The following is the text of a news release from the Lake Carriers' Association (LCA):
(CLEVELAND) — U.S.-flag Great Lakes freighters (lakers) moved 10.8 million tons of dry-bulk cargo in May, their highest total for that month since 2008. The surge is at least partially attributable to the fact that no ice delays were experienced this May.
Comparisons with May 2014 illustrate how ice slowed shipping a year ago. Iron ore cargoes were up more than 17 percent, but that increase somewhat reflects that in May 2014 three 1,000-foot-long lakers were collectively out of service to repair ice damage for 65 days. The nearly 14 percent increase in limestone cargoes is in part because the lower-horsepower lakers in the short-haul stone trade did not have to contend with ice this May.
Year to date, U.S.-flag cargoes stand at 21.3 million tons, an increase of 28.5 percent over the glacial conditions that prevailed during much of the first five months of 2014. Compared to the five-year average for the January-May time frame, shipments in U.S. bottoms are actually down 3 percent, and that decrease reflects the ice-related delays experienced between Jan. 1 and late April of this year.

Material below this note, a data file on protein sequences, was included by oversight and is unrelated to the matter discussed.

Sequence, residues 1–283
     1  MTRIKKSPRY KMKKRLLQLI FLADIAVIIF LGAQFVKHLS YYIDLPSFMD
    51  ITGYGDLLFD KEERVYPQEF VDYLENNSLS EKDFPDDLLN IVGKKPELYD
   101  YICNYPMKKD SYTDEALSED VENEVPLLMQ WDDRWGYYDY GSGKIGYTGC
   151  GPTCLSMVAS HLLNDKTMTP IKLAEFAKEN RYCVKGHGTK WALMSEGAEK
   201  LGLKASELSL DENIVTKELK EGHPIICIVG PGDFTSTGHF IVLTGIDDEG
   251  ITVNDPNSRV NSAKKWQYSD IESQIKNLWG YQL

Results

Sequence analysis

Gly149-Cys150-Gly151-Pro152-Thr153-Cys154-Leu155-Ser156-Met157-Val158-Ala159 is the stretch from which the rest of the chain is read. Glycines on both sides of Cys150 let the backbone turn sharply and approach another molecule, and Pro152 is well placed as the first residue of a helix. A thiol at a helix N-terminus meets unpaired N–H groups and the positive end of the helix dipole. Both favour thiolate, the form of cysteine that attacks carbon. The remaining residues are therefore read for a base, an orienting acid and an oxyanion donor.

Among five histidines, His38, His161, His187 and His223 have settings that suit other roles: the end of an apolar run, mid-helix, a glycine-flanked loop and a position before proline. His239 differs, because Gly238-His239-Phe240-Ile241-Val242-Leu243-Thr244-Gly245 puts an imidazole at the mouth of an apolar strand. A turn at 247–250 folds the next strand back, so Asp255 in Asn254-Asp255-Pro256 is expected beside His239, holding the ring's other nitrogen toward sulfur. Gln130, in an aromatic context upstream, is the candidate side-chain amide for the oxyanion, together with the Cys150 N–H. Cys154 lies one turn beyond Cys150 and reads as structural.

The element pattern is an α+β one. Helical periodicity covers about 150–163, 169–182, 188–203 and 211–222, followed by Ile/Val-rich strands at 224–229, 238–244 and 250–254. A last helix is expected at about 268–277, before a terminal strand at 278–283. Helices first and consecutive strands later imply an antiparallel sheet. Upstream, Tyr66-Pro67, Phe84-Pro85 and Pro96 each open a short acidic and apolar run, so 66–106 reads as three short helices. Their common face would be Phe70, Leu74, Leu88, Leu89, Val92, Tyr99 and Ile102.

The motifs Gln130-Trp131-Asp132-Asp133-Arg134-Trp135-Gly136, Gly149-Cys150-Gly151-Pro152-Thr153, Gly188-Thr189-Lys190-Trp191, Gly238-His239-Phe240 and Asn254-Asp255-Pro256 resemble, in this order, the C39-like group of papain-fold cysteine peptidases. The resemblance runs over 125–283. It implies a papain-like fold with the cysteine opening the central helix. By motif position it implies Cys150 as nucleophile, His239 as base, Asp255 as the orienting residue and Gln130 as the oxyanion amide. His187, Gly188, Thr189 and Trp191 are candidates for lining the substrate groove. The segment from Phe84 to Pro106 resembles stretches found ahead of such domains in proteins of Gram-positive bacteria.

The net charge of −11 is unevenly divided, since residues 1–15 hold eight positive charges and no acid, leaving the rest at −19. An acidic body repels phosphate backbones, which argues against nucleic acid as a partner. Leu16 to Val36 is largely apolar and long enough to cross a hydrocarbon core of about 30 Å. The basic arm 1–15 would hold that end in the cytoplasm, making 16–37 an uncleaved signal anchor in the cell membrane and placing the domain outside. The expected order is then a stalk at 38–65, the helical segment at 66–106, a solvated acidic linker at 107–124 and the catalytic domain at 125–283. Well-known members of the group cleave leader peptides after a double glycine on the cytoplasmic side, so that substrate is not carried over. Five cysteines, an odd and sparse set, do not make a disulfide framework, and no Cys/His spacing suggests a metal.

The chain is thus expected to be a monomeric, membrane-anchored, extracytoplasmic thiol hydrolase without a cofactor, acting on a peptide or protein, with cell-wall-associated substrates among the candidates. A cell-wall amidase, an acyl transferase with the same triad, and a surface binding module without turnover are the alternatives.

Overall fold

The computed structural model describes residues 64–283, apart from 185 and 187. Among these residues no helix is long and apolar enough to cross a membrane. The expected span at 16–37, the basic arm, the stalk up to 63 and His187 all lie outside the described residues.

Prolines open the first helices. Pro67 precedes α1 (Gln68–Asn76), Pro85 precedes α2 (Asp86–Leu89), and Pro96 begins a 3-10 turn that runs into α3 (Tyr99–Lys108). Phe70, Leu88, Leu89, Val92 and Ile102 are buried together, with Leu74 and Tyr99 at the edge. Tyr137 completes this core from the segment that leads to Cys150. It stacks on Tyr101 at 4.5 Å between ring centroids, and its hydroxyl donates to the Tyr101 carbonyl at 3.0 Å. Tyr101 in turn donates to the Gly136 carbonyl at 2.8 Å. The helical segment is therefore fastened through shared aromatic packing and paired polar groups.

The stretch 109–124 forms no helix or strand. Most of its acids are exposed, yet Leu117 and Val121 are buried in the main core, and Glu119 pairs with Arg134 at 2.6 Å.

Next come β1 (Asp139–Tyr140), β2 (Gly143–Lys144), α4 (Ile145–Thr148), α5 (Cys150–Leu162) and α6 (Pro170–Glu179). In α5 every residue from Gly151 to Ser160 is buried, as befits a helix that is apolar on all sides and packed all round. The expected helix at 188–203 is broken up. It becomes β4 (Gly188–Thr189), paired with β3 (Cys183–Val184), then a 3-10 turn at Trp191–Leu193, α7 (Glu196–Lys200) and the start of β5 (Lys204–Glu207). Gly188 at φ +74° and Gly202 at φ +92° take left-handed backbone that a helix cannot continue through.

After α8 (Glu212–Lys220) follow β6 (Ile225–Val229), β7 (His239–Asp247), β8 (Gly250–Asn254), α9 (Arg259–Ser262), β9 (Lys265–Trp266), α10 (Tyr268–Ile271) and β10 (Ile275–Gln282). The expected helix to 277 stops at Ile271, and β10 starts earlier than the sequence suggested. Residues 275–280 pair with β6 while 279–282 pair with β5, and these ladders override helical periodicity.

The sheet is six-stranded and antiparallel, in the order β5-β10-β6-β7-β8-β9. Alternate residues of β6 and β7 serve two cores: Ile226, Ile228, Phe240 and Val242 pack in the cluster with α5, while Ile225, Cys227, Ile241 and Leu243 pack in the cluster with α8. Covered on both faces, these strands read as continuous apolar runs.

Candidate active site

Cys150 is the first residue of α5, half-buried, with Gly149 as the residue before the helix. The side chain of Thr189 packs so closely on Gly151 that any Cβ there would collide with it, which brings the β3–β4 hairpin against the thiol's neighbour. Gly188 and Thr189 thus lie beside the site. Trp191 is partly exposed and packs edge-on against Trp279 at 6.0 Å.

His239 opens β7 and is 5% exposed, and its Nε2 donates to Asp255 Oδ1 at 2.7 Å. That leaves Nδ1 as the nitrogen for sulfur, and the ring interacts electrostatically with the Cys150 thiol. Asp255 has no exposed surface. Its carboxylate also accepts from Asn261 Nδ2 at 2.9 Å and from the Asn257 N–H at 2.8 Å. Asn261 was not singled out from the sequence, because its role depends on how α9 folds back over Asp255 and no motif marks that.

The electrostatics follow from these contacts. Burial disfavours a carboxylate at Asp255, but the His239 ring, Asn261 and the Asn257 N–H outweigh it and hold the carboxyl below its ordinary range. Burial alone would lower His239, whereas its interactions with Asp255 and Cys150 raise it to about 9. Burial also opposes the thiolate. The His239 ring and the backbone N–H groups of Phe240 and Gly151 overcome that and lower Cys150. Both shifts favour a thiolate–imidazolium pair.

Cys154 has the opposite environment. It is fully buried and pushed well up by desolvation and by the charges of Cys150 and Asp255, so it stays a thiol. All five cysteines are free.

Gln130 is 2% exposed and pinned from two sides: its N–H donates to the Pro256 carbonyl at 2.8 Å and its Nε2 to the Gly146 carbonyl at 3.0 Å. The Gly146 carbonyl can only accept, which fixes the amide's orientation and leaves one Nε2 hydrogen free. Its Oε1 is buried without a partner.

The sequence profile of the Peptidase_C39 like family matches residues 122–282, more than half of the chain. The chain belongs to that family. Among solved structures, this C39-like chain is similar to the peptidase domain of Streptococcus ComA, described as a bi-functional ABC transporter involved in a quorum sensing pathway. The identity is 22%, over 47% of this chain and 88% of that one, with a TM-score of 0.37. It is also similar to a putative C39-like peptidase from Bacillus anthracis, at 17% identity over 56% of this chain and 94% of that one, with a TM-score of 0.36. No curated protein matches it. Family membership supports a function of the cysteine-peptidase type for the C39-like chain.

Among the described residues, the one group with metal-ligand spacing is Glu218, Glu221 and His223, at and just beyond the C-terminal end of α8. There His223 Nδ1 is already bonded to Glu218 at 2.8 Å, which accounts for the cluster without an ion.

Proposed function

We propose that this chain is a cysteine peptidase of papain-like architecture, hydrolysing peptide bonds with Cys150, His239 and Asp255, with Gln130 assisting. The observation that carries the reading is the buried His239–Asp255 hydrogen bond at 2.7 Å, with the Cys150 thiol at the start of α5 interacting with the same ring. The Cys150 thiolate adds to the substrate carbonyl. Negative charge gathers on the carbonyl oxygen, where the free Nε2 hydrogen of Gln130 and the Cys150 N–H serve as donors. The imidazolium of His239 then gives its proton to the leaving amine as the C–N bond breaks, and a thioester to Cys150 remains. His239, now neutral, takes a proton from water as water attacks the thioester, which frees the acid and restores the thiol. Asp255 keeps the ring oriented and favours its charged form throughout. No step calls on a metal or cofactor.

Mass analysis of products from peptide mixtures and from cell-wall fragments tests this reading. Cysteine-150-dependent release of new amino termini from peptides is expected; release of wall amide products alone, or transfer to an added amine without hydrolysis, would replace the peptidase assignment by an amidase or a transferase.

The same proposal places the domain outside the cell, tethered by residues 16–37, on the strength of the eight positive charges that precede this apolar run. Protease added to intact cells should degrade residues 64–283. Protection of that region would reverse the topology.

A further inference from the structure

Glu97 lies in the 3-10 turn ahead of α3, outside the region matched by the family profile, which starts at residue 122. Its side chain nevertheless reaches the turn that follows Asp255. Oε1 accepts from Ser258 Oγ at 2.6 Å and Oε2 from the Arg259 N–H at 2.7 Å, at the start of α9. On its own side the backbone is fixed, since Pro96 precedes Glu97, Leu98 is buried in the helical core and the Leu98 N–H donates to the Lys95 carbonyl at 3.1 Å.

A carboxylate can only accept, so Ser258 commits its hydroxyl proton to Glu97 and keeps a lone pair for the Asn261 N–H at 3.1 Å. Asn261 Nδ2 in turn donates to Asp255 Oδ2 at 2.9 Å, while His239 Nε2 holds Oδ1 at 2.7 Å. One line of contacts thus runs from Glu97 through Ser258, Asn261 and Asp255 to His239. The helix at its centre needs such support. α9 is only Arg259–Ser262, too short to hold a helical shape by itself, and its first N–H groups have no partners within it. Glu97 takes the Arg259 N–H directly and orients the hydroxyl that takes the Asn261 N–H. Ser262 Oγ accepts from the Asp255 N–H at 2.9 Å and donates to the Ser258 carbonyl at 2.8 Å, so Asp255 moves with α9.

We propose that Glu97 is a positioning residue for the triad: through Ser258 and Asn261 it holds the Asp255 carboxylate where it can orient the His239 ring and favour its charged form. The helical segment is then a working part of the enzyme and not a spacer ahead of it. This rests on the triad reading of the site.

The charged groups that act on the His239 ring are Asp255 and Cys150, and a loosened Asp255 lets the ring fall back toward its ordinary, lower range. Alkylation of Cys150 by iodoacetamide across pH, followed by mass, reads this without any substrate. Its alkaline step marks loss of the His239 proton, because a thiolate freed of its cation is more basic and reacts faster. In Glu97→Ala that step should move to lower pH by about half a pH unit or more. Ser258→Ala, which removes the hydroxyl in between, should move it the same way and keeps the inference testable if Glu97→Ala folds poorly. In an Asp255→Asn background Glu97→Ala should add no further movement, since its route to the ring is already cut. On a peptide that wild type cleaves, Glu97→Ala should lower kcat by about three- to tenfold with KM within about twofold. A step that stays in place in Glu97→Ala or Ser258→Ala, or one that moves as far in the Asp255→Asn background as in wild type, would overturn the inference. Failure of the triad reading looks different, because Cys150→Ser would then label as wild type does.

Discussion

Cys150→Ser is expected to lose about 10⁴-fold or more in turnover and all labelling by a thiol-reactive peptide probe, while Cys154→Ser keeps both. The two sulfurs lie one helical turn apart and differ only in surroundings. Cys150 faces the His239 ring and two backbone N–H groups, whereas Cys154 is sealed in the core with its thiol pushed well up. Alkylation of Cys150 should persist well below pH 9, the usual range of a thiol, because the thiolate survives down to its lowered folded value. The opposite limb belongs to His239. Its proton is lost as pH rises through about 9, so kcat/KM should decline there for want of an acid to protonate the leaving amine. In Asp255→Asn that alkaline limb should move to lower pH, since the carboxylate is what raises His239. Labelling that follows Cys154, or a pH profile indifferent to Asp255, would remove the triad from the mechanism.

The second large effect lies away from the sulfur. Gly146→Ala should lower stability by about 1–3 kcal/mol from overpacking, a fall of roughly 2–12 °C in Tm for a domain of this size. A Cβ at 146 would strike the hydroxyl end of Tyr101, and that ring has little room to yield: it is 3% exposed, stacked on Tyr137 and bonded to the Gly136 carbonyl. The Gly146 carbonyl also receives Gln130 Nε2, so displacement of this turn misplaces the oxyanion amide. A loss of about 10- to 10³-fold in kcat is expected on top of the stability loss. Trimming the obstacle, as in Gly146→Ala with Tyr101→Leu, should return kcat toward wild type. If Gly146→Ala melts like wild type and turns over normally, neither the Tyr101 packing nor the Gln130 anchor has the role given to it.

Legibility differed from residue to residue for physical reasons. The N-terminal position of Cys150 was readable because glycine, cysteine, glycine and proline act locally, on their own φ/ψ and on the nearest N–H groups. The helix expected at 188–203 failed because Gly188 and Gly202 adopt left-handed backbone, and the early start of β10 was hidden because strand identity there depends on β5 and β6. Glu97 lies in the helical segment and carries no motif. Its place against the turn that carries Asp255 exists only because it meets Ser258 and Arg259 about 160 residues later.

The Lake Carriers’ Association represents 16 American companies that operate 56 U.S.-flag vessels on the Great Lakes and carry the raw materials that drive the nation’s economy: iron ore and fluxstone for the steel industry, aggregate and cement for the construction industry, coal for power generation, as well as salt, sand and grain. Collectively, these vessels can transport more than 115 million tons of cargo per year. More information is available at www.lcaships.com.